Cyber Security

Silver Sparrow Malware: Breaking Down the Virus That Broke Into More Than 30,000 MacBooks

A new malware dubbed Silver Sparrow has infected over 30,000 MacBooks this week. As of now, not much is known about Silver Sparrow since it has stayed inactive and has not executed or downloaded any additional payloads. However, security researchers from various companies have gained some insight on the malware.

Security researchers at Red Canary have identified two Silver Sparrow variants, with Version 1 attacking only Intel-based Macs, and Version 2 being developed to infect both Intel- and M1-based devices.

Both variants have external Mach-O binaries that have no role in the installation except to “give the PKG something to distribute outside the JavaScript execution,” experts explain. This inclusion was likely made to make the package look legitimate.

Interestingly, while the Intel-only version says, “Hello, World!” the M1-compatible variant displays the “You did it!” message.

Malware Distribution

It’s currently unclear how Silver Sparrow is spread. However, researchers noted that both Variant 1 and Variant 2 have “package” in their names, indicating that the threat is likely spread through malvertising and phishing tricks.

“We’ve found that many macOS threats are distributed through malicious advertisements as single, self-contained installers in PKG or DMG form, masquerading as a legitimate application—such as Adobe Flash Player—or as updates,” Red Canary wrote.

Cloud Infrastructure

While Silver Sparrow’s infrastructure is hosted on the Amazon Web Services S3 cloud platform, some of its callback domains are hosted through Akamai’s content delivery network (CDN).

Researchers explain that this infrastructure allows the malware to remain under the radar because it will blend in with the normal overhead of cloud infrastructure traffic. Furthermore, most companies cannot afford to block access to resources in AWS and Akamai.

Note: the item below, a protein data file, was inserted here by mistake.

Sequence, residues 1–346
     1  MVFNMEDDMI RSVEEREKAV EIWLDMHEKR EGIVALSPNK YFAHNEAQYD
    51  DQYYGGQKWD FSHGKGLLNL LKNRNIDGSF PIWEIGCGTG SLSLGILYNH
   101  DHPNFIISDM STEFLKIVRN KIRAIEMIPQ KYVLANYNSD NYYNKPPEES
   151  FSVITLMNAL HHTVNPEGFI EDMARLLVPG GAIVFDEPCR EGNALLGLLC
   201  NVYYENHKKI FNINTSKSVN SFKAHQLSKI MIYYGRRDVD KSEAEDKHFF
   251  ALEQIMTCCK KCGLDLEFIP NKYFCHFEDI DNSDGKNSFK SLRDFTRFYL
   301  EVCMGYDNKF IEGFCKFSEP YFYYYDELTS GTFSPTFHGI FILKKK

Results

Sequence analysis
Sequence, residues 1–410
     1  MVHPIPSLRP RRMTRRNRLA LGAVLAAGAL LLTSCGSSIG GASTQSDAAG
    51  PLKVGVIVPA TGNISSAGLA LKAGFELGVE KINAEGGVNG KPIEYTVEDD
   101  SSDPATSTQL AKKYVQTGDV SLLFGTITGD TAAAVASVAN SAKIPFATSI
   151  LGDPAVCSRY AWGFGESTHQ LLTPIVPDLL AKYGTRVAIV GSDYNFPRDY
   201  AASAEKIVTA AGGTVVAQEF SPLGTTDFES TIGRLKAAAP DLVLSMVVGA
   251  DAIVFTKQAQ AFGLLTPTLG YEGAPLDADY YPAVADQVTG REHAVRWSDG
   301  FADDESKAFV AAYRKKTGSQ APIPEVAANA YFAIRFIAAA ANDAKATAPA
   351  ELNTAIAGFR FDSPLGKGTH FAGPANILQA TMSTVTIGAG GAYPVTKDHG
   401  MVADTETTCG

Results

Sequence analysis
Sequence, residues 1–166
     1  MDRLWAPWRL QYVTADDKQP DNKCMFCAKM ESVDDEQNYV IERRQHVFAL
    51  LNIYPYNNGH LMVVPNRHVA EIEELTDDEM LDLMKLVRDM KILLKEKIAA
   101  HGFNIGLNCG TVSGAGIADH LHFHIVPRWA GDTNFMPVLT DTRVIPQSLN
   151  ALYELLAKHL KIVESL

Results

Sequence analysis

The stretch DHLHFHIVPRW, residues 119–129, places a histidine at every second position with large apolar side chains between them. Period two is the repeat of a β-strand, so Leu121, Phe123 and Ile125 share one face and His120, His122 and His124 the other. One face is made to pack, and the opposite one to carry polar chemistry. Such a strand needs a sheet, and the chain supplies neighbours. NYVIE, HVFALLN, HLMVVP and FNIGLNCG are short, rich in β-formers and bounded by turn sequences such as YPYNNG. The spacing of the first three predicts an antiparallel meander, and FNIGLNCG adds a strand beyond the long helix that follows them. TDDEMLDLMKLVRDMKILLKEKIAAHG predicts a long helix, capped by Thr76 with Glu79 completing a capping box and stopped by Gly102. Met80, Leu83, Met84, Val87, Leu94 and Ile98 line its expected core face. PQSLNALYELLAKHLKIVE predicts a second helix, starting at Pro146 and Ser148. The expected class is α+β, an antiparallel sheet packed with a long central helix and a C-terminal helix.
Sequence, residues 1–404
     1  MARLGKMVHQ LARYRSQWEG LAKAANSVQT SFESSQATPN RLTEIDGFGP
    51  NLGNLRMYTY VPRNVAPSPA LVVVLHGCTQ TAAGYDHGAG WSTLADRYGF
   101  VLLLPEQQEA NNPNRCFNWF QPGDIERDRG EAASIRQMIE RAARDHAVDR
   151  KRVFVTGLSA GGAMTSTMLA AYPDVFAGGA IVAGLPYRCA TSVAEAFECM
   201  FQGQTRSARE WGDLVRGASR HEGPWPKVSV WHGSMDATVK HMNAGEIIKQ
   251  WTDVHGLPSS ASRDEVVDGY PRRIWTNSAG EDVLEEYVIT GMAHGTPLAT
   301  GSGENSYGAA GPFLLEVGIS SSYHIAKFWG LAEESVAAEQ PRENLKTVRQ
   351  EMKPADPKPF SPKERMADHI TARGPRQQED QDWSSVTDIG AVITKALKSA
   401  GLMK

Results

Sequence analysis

Malware Payload

Silver Sparrow uses an uncommon macOS payload that is based on JavaScript programming language. According to the analysis, Silver Sparrow will use the macOS Installer JavaScript API to execute suspicious commands. 

Such payload executions have additional bonuses for the malicious actor. Researchers note that by running malicious JavaScript commands through the legitimate macOS Installer, the malware is very likely to remain hidden because the Installer limits the visibility of the content within the installation package.

Once installed, Silver Sparrow will execute by using Apple’s system.run command. This execution has an additional advantage for the threat actor because macOS’ system.run code will allow the malicious installer to spawn multiple bash processes that can later be used to accomplish Silver Sparrows' objectives.

Once fully executed, Silver Sparrow will leave two scripts on the infected disk: /tmp/agent.sh and ~/Library/Application Support/verx_updater/verx.sh. 

The agent.sh script will execute upon successful installation. It will establish a communication channel with a Command and Control (C2) server and will report the installation as successful. 

The verx.sh script is programmed to execute periodically, using a persistent LaunchAgent to contact a remote host. This script is tasked to check for further commands, including checking for additional content to download and execute.

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